NLTK-006: classified text (gender identification)

Classification is the task of selecting the correct class label for a given input. In the basic classification task, each input is considered to be isolated from all other inputs, and the label set is predefined. Here are some examples of classification tasks:

  • Determine whether an email is spam.
  • From a fixed list of subject areas, such as' Sports', 'technology' and 'politics', decide what the theme of the news report is.

There are many interesting variants of the basic classification task. For example, in multi class classification, each instance can be assigned multiple labels. In open classification, the label set is undefined. In sequence classification, an input linked list is classified as a whole.

Supervised classification

However, if the establishment of classification contains the training corpus with the correct label of each input, it is called supervised classification. Frame diagram:

(a) : in the training process, the feature extractor is used to convert the value of each input into feature sets, which capture the basic information that should be applied to its classification in each input. The matching of feature set and label is sent into machine learning algorithm to generate model. (b) : in the prediction process, the same feature extractor is used to convert the unseen input into feature sets, and then these feature sets are sent into the model to generate prediction tags.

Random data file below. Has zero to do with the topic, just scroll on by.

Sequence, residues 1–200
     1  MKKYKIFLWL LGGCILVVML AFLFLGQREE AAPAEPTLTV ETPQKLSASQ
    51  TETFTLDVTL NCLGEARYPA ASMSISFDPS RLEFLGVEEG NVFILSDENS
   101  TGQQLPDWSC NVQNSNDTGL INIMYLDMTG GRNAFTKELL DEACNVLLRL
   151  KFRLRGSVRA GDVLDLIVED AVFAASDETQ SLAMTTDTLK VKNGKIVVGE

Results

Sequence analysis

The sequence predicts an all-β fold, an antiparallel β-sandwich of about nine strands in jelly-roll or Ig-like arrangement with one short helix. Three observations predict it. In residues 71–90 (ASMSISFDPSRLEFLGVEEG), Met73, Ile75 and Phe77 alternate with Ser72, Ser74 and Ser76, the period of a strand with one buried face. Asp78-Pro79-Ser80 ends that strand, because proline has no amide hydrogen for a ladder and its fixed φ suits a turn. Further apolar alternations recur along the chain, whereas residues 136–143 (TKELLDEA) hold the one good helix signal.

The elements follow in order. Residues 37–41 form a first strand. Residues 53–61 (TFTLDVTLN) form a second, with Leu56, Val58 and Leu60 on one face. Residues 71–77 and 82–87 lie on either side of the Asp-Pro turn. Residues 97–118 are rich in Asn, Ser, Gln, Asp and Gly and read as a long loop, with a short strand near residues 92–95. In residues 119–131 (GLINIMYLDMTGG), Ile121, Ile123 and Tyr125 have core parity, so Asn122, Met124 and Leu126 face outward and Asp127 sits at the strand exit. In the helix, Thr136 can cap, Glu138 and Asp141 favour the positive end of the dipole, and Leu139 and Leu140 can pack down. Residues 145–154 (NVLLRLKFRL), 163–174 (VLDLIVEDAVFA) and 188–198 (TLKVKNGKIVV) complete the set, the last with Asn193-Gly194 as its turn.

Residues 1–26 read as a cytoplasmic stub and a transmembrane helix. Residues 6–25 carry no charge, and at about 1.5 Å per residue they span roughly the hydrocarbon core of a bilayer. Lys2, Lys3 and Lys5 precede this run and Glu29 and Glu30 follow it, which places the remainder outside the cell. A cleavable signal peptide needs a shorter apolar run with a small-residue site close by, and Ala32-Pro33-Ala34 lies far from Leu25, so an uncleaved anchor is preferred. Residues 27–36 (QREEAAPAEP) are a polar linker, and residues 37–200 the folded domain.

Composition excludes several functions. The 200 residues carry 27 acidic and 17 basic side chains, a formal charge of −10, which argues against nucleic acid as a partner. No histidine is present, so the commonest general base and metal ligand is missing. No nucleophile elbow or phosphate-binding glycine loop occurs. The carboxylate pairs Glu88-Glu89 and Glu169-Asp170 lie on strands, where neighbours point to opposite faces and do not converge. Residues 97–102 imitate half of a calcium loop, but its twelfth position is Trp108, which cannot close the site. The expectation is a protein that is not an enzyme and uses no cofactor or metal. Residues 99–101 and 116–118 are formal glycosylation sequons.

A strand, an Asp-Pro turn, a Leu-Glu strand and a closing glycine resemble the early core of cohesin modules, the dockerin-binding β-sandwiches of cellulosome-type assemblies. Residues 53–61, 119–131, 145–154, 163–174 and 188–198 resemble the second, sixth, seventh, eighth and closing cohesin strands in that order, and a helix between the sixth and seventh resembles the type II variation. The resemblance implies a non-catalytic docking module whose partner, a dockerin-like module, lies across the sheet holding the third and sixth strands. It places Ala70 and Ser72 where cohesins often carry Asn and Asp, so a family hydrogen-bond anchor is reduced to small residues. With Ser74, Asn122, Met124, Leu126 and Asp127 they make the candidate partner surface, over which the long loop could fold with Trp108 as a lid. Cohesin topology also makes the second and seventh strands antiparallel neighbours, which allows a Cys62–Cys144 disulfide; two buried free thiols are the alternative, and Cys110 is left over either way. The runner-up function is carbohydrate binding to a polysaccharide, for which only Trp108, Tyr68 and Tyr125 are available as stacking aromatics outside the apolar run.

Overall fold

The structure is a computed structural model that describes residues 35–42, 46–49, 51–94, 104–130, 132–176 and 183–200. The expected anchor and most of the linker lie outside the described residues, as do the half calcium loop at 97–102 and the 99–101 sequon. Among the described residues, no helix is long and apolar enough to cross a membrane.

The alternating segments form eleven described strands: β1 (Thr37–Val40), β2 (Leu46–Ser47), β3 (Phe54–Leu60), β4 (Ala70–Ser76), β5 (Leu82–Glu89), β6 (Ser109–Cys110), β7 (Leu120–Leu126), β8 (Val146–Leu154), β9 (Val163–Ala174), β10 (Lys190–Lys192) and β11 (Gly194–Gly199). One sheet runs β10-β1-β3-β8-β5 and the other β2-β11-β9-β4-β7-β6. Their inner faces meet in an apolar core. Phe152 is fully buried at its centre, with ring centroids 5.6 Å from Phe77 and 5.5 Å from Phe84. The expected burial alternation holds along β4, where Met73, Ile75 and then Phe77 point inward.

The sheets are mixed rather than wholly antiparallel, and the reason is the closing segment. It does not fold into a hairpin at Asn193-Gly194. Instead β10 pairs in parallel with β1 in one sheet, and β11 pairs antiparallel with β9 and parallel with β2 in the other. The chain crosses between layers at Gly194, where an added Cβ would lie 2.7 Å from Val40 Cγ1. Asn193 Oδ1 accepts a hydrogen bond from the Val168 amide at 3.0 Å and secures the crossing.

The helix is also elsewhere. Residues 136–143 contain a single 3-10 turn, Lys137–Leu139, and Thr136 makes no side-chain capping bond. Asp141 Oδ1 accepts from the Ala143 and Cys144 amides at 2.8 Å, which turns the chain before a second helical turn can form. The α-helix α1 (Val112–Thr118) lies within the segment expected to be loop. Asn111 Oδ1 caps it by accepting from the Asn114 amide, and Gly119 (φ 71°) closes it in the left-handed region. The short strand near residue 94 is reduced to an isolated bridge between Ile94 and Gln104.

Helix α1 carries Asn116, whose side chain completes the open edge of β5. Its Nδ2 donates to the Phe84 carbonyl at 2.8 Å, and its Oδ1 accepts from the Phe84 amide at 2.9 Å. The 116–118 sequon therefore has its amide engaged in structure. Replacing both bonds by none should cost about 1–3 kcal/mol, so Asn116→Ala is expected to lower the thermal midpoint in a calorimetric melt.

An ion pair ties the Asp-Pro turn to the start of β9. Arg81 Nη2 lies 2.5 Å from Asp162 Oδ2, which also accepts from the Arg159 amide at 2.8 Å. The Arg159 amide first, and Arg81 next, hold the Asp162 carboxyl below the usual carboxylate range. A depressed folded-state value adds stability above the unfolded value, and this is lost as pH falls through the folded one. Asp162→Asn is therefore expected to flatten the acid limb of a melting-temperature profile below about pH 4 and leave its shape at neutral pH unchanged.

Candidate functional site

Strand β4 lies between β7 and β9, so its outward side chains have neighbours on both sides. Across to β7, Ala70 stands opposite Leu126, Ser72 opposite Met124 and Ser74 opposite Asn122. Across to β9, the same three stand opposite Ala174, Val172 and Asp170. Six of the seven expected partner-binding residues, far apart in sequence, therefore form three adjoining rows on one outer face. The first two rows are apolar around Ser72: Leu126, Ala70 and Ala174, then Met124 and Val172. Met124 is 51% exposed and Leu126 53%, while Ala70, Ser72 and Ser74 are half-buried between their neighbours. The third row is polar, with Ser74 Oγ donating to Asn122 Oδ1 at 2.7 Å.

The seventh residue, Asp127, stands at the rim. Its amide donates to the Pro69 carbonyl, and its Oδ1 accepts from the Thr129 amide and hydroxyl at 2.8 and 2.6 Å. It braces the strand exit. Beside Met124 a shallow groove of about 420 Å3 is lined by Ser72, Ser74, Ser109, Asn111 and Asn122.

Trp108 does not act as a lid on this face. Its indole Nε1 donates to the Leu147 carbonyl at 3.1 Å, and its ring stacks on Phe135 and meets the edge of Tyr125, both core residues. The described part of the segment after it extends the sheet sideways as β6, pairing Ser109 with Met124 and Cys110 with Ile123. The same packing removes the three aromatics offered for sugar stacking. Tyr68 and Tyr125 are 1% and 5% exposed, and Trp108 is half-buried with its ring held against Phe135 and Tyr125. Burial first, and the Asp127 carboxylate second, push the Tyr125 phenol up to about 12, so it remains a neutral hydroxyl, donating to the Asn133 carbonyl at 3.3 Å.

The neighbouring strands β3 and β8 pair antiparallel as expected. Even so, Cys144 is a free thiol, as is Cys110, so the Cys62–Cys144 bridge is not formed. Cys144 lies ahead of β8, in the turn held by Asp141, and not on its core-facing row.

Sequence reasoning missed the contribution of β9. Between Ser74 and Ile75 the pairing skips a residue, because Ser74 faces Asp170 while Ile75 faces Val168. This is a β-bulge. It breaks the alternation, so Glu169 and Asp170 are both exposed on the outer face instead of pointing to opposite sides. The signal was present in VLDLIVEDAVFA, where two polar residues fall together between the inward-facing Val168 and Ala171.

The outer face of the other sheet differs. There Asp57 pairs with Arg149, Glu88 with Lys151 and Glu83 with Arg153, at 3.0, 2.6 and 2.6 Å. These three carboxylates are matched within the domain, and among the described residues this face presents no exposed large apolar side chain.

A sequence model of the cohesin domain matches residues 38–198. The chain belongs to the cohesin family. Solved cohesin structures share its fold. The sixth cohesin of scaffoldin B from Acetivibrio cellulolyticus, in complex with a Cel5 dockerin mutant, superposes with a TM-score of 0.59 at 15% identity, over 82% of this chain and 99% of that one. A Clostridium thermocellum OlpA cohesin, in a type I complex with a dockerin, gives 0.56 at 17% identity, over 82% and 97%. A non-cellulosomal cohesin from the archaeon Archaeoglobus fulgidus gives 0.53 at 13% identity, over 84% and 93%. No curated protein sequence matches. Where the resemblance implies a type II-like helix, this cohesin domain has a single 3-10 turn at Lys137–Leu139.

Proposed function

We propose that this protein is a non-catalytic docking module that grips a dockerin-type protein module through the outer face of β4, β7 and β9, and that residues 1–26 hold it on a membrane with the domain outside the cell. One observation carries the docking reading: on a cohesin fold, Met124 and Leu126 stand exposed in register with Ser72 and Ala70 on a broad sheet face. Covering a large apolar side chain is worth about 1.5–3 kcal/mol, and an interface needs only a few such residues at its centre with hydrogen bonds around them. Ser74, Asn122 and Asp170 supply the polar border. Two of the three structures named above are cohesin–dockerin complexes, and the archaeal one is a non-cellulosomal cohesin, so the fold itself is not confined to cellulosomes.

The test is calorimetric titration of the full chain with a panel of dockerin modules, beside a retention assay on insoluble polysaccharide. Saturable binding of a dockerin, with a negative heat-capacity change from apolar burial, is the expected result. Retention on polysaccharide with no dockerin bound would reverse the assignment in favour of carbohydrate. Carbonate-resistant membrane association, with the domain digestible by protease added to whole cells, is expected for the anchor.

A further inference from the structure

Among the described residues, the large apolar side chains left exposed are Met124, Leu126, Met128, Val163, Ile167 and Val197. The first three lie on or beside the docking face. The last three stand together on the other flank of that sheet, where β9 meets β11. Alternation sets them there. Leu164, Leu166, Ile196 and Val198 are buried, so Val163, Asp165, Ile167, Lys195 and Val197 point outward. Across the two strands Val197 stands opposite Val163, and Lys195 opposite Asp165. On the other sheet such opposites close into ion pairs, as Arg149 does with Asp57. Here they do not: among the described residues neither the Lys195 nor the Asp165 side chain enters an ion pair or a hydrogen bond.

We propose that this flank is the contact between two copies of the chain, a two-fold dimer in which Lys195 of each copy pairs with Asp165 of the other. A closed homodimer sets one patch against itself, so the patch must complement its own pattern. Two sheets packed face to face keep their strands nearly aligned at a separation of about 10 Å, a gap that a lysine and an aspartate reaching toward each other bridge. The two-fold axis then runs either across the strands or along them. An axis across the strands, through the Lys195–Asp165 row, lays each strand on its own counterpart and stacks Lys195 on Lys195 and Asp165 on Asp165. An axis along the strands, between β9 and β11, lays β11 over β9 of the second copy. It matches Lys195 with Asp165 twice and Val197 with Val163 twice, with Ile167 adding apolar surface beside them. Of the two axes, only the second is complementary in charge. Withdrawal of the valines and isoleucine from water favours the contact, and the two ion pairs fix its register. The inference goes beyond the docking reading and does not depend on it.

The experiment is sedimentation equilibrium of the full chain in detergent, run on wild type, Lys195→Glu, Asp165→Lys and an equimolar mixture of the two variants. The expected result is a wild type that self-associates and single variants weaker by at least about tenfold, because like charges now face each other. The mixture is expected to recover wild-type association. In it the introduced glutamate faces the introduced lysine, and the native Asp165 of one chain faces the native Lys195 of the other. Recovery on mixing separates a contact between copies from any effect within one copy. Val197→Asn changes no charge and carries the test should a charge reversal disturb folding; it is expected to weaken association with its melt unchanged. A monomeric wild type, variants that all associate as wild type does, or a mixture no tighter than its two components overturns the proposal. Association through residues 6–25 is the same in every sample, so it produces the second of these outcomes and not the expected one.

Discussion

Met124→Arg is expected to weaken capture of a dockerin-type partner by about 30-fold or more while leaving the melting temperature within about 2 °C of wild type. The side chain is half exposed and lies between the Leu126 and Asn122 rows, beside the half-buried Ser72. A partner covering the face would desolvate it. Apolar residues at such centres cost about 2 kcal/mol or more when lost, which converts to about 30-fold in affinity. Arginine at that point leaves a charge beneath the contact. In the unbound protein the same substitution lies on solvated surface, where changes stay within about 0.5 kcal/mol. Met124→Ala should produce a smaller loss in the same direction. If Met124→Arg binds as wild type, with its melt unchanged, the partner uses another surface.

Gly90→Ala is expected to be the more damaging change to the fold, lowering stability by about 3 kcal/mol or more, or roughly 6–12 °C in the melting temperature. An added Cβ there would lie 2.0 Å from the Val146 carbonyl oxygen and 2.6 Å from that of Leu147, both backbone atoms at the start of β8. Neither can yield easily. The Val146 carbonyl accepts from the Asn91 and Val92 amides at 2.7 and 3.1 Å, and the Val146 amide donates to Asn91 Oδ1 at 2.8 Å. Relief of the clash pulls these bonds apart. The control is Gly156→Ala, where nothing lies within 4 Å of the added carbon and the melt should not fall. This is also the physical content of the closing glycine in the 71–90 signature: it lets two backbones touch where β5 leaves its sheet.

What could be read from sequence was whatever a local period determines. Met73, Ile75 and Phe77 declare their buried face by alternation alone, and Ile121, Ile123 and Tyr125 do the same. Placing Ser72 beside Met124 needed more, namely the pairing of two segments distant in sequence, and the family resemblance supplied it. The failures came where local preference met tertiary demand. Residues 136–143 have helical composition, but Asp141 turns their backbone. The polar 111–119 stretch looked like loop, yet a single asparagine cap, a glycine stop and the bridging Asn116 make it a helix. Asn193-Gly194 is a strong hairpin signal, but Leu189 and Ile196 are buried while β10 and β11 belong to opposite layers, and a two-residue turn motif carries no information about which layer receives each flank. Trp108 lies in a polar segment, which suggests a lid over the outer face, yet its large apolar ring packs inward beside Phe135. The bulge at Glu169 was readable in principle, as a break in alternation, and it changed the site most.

Gender identification:

The name corpus between us includes 8000 names classified by gender.

names = nltk.corpus.names
male_names = names.words('male.txt')
female_names = names.words('female.txt')
print([ w for w in male_names if w in female_names ])

Output: ['Abbey', 'Abbie', 'Abby', 'Addie', 'Willi', 'Willie', 'Willy', 'Winnie', 'Winny', 'Wynn']

Generally speaking, names ending with the letter a are female names. So we can extract the last letter name[-1] Then:

cfd = nltk.ConditionalFreqDist((fileid,name[-1]) for fileid in names.fileids() for name in names.words(fileid))

Output condition frequency distribution:

As can be seen from this figure, most names ending with a, e and I are women, and those ending with k,o,r,s and t are more likely to be men. Men and women ending with H and L are similar.

Then let's build a classifier to simulate these differences more accurately.

The first step in creating a classifier is to decide what input features can be related and how to encode those features. In this example, we start by looking for the last letter of a given name. The following feature extractor functions establish a dictionary containing information about the given name:

def gender_features(word):
    return {'last_letter':word[-1]}

The dictionary returned by this function is called a feature set and maps feature names to their values. Feature names are values of simple types, such as Booleans, numbers, and strings.

Now that we have established a feature extractor, we need to prepare an example and a linked list of corresponding class Tags:

from nltk.corpus import names
import random
names = ([(name,'male') for name in names.words('male.txt')]
         +[(name,'female') for name in names.words('female.txt')])
random.shuffle(names)			# shuffle has no return value